Alongside macOS Big Sur, Apple also announced it will officially power future Macs (laptops and desktops) with Apple Silicon. Basically, Apple Silicon is an in-house chip akin to what is powering the iPhone and iPad family of devices. In other words: It’s a processor.
The big wins for you? Well, it’s faster, more efficient and should deliver crazy-long battery life. Apple is banking a lot on this and is effectively ditching Intel for future Macs. To unpack this a bit more, these Mac chips will not just be renamed iPad or iPhone chipsets. There’s a common architecture across all Apple devices, but these are custom systems on chips (aka Apple Silicon for the Mac).
Apple clearly had hardware and software teams working together. macOS Big Sur’s core apps are built to support Apple Silicon. Microsoft is working on Office and Adobe is working on all Creative Cloud apps. This is important as developers need to update apps to support Silicon. Currently, these are designed to work with Intel chips. Alongside the rollout of Apple Silicon in laptops and desktops, there will likely be an update period for developers making apps compatible.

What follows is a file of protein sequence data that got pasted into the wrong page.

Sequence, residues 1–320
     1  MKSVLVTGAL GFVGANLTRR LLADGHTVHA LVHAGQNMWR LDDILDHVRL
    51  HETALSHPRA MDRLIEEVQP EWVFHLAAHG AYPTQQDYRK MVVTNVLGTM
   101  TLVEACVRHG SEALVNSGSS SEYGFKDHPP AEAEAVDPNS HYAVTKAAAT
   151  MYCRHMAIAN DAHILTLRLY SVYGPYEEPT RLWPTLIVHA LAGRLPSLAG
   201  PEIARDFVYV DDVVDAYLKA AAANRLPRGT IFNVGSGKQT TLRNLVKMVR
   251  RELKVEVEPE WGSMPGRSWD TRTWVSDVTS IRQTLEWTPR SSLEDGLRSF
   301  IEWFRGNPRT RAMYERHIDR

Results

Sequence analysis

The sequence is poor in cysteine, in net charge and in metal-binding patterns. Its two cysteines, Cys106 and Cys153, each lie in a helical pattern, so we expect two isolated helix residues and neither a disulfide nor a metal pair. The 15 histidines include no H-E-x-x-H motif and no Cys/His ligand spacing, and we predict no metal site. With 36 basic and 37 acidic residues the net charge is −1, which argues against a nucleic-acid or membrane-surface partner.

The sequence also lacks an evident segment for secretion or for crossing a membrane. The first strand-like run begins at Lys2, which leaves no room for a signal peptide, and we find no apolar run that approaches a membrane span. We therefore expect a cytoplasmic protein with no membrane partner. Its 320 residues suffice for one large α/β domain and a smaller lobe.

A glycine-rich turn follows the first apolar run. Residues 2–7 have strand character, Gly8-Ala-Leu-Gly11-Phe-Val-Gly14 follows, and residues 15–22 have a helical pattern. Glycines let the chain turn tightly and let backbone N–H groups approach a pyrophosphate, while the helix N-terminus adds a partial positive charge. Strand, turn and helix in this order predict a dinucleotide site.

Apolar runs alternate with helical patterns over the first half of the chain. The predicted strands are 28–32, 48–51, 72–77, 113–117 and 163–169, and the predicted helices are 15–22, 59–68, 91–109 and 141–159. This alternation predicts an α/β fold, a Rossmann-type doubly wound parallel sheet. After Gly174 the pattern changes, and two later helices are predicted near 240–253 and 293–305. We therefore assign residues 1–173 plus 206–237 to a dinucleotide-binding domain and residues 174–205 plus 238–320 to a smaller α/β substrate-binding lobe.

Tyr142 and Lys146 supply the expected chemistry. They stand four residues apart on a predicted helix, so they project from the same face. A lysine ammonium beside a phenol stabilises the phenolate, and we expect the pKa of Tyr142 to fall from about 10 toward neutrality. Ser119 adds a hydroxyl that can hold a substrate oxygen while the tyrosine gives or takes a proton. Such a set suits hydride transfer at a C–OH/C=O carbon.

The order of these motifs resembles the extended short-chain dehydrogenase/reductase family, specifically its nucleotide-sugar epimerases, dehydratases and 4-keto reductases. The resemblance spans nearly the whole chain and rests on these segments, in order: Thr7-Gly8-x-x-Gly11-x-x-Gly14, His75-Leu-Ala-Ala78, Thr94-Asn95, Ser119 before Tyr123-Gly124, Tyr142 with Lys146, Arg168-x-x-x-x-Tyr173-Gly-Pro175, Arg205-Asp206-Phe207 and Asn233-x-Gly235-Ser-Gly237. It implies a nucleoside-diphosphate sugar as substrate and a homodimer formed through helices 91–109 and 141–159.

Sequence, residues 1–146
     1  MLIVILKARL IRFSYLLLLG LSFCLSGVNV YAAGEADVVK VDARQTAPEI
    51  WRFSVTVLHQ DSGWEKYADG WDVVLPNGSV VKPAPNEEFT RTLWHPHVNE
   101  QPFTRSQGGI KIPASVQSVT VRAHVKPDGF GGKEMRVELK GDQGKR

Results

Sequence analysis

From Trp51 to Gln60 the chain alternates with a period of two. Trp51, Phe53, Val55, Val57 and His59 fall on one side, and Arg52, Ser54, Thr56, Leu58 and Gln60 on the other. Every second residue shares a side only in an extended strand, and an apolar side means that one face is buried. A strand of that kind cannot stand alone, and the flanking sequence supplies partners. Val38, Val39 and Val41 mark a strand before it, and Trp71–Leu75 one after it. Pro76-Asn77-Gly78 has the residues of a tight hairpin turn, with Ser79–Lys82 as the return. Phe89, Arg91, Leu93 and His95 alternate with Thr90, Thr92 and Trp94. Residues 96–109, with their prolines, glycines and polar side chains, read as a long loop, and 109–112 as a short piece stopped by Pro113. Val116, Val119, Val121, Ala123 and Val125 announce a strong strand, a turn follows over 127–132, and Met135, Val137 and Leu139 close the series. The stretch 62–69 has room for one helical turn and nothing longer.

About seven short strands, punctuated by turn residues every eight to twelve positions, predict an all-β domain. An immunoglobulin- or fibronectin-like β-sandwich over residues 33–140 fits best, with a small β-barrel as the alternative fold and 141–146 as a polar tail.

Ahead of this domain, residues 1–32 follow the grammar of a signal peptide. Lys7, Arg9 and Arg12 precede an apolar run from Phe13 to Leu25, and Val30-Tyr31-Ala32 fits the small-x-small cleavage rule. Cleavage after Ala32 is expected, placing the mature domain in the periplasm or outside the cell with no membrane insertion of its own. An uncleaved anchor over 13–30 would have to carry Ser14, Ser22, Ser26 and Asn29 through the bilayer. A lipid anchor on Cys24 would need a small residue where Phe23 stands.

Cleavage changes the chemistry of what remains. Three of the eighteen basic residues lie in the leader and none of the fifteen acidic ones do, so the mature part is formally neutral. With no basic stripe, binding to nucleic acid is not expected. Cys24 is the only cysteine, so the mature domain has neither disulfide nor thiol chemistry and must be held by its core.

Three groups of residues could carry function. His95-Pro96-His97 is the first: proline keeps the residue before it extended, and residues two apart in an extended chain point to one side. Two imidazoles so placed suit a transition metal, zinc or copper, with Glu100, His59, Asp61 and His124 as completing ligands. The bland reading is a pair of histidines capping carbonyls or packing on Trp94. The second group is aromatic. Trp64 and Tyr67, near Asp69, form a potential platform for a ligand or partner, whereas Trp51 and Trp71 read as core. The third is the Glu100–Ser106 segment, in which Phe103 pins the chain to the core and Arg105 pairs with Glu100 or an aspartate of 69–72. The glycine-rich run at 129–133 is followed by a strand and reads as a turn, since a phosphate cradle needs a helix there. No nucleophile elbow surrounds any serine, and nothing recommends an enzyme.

Apple has a solution to have all applications working on day one of the rollout, though. Rosetta 2 is a pre-installed application (acting as an emulator and a translator) that will allow Intel-made apps to run on Silicon-powered devices. Additionally, Apple demoed Microsoft’s Office Suite and Adobe’s Creative Cloud running natively on a Silicon-powered Mac. To be more specific, that Mac was powered by the A12Z Bionic Chip —- the same one inside the 2020 iPad Pro. Impressive.
When can you expect to buy a Mac powered by Silicon? Apple’s launching a consumer Silicon PC this year and they’re still committed to Intel PCs for a few years to come.
This is a developing story and we’ll be updating as Apple continues to drop news during WWDC.
Note: The prices above reflect the retailer’s listed price at the time of publication.